Talking to Betty Sinnock is a little like talking to your grandmother — provided your grandmother is an accomplished trust officer at a local bank and part of one of the most successful, prolific, and high-profile investment clubs around.

Seventeen years ago, Sinnock helped form an investment research club that was open to everyone in her home town of Beardstown, Illinois. After three years, she went to thirteen of the members she felt closest to, both personally and in terms of their investment philosophy. The fourteen formed what is now known popularly as the Beardstown Ladies investment club.

In the past years, these women, who range in age from 45 to 90, have achieved an annual rate of return of at least 24 percent on their investments, far outstripping some of the best advisors Wall Street has to offer. So far, their 1997 year-to-date return is a whopping 39.5 percent, and Sinnock expects the club enjoy a return of more than 50 percent by December 31

In addition, the club has written several best-selling books, including “The Beardstown Ladies,” “Common-Sense Investment Guide,” “The Beardstown Ladies,” “Stick-In-Time Guide to Growing Your Nest Egg,” and “The Beardstown Ladies’ Guide to Smart Spending for Big Savings.” Their newest book is “The Beardstown Ladies’ Little Book of Investment Wisdom” (All books published by Hyperion).

How do their investments earn the kind of returns even Warren Buffet might drool over? Those expecting the easy answer will be disappointed. These women owe their success to a lot of good, old fashioned leg work. They buy what they know. They subscribe to a stock information service, divide up hot prospects amongst their members, and then spend a lot of time telephoning investor relations’ departments requesting more information.

“One of our tricks is that we might ask for the last two or three annual reports and read the oldest ones first,” notes Sinnock. “We’ll look at what the chief executive officer promised, and then see in subsequent reports if he or she kept those promises.”

When it comes to saving money, The Beardstown Ladies think everyone should create a “Spending Pyramid,” in which you fill in what you would like to be spending the greater part of your income on (the point, or tip of the pyramid is what you’d most like to be spending it on).

They acknowledge in “The Beardstown Ladies’ Guide To Smart Spending For Big Savings” that owning a home is usually at the top of most people’s pyramids. However, they caution against buying a big house simply to impress friends and family, or even to get the best school district.

They tell the story of a family with one child who looked for a home in Los Angeles, arguably one of the most expensive housing markets in the country. A house in the neighborhood with the best schools cost $600,000 and had property taxes that were $12,000. A house three miles away, in a secondary school district cost only $400,000 and had property taxes of $6,000. By moving to the lesser school district, the couple saved more than $20,000 a year (based on the cost of the mortgage and property taxes). They took half the money and paid for a private school education for their son, and invested the rest for his future Ivy League college tuition.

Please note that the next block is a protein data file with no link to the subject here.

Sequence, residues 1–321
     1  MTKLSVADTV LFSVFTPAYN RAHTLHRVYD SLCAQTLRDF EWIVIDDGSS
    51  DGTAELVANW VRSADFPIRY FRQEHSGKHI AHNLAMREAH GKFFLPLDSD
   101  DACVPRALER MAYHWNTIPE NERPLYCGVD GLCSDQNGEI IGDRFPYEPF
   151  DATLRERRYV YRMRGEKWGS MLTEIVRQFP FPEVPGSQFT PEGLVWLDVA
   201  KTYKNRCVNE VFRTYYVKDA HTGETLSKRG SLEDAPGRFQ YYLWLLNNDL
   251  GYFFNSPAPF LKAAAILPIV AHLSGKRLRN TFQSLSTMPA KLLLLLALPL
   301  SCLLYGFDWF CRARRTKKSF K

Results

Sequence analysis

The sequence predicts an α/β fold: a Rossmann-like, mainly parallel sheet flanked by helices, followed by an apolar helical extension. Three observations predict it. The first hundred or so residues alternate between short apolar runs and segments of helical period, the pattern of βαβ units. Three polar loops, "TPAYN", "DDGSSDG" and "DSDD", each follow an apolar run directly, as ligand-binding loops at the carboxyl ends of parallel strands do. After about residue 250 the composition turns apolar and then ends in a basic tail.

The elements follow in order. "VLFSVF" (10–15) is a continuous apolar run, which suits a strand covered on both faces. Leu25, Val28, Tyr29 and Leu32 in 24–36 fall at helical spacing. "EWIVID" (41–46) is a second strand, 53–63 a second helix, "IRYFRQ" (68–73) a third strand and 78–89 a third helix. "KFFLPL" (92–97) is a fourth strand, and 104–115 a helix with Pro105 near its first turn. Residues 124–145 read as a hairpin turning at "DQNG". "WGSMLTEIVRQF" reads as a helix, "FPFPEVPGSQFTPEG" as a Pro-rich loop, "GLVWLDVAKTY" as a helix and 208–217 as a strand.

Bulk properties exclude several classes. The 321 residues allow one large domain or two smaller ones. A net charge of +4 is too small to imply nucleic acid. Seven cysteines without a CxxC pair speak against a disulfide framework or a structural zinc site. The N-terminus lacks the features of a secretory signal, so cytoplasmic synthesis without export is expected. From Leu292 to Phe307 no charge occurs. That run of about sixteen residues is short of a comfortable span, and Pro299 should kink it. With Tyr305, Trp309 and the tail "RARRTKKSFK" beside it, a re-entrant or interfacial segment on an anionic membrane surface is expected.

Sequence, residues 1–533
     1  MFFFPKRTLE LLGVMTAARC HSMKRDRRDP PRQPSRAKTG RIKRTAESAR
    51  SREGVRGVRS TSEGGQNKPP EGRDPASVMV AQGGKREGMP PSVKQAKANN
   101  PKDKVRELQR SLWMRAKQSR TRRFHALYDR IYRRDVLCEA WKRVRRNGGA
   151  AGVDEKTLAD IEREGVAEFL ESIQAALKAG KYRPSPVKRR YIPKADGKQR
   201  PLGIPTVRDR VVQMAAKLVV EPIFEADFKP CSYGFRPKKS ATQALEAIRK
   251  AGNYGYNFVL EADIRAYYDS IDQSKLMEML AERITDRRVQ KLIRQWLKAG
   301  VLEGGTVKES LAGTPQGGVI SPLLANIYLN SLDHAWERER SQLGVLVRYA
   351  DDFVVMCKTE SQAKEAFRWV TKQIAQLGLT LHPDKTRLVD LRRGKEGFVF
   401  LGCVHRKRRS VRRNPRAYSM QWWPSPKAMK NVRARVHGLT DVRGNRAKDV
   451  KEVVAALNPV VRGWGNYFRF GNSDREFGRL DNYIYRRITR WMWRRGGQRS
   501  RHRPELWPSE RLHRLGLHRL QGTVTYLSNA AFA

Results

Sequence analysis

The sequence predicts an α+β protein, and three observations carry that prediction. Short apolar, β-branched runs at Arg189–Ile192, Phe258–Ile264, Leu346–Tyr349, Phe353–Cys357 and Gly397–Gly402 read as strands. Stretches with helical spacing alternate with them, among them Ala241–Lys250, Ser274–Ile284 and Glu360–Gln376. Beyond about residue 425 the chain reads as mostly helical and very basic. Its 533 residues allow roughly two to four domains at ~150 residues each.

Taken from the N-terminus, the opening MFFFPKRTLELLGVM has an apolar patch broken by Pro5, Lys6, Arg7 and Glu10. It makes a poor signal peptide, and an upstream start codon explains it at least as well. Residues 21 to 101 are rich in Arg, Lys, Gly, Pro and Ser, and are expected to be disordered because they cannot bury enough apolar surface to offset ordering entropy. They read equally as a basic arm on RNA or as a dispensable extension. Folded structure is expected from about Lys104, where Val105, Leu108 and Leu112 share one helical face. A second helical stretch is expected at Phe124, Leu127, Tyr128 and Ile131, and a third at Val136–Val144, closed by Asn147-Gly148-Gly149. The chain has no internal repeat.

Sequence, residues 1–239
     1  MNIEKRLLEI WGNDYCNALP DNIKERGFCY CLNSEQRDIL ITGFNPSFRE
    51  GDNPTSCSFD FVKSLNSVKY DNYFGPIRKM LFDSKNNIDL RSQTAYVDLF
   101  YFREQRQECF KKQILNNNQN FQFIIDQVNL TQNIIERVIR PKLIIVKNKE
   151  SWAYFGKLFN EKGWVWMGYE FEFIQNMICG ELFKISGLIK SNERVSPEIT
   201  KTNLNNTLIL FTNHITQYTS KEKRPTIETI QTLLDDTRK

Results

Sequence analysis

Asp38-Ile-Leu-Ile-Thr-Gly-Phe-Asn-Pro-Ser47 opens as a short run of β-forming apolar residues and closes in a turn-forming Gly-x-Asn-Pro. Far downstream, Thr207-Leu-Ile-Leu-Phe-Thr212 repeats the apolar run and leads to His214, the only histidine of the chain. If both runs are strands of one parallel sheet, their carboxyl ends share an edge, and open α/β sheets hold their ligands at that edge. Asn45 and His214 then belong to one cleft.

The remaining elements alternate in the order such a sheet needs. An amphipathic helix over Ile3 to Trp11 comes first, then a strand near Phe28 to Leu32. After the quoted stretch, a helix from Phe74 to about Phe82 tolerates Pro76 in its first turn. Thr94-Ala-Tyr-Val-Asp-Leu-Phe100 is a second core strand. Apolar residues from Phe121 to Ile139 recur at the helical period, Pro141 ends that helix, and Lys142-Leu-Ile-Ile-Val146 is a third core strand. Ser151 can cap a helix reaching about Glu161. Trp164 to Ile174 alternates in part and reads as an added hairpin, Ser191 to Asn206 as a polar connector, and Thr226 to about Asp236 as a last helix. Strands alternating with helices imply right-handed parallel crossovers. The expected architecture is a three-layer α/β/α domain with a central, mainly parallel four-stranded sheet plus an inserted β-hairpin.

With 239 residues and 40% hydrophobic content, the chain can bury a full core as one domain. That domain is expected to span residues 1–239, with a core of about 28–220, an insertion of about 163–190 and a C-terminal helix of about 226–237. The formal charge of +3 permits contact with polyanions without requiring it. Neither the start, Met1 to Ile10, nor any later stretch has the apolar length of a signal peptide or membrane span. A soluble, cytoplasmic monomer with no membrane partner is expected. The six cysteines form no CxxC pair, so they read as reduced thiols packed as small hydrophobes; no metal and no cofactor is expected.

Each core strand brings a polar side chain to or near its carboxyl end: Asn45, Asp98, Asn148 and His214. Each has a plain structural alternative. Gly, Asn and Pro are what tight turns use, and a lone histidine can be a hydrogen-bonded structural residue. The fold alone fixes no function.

Of course, this scenario — like many strewn throughout the Beardstown Ladies’ books — may not work for everyone. To begin with, most folks aren’t in the market for a $600,000 or even a $400,000 home. And, most people don’t pay anywhere near $12,000 in property taxes. A private school may not be available nearby, and the homeowner may not have the discipline to salt away that kind of money every year and be diligent about investing it.

Still, the story is instructive in that it teaches people to think outside their normal parameters. The Beardstown Ladies recommend paying off your mortgage as quickly as possible, and staying in a home you like (and can easily afford) rather than moving up to one that’s more expensive. They suggest knowing exactly what you want and need, and how much it will cost you, before you look for a home.

And don’t be afraid to stand up for yourself: Maxine Thomas, one of the Beardstown Ladies, filed a written complaint with the Cass County Real Estate Review board when she felt her property taxes were unfairly assessed (and got a subsequent reduction).

Other real estate tips of wisdom: Get a 15-year mortgage, if you can afford it, or prepay your mortgage as much as possible; consider getting an adjustable rate mortgage instead of a fixed-rate mortgage (they can be cheaper, especially if you’re moving in less than seven years); and, negotiate with the lender to lower all points and fees.

All of the Beardstown Ladies’ books are filled with down-to-earth, common-sense tips that make you realize you don’t have to live on Wall Street to beat Wall Street. Whether you’re starting to budget and save, buy a home, or deciding which stocks to add to your portfolio, their advice is easy to digest.

In some of their books, you’ll get more than investment advice. You might get delicious sounding recipes, or a little bit of down-home wisdom like “Want what you have, have what you need. Ann Brewer likes to share what every woman needs: from birth to eighteen she needs good parents. From eighteen to thirty she needs good looks. From thirty to fifty she needs a good personality. But from fifty on, she had better have good investments”

Just like Grandma used to say.

All of the Beardstown Ladies’ books are available in local bookstores or at your local library.

October 6, 1997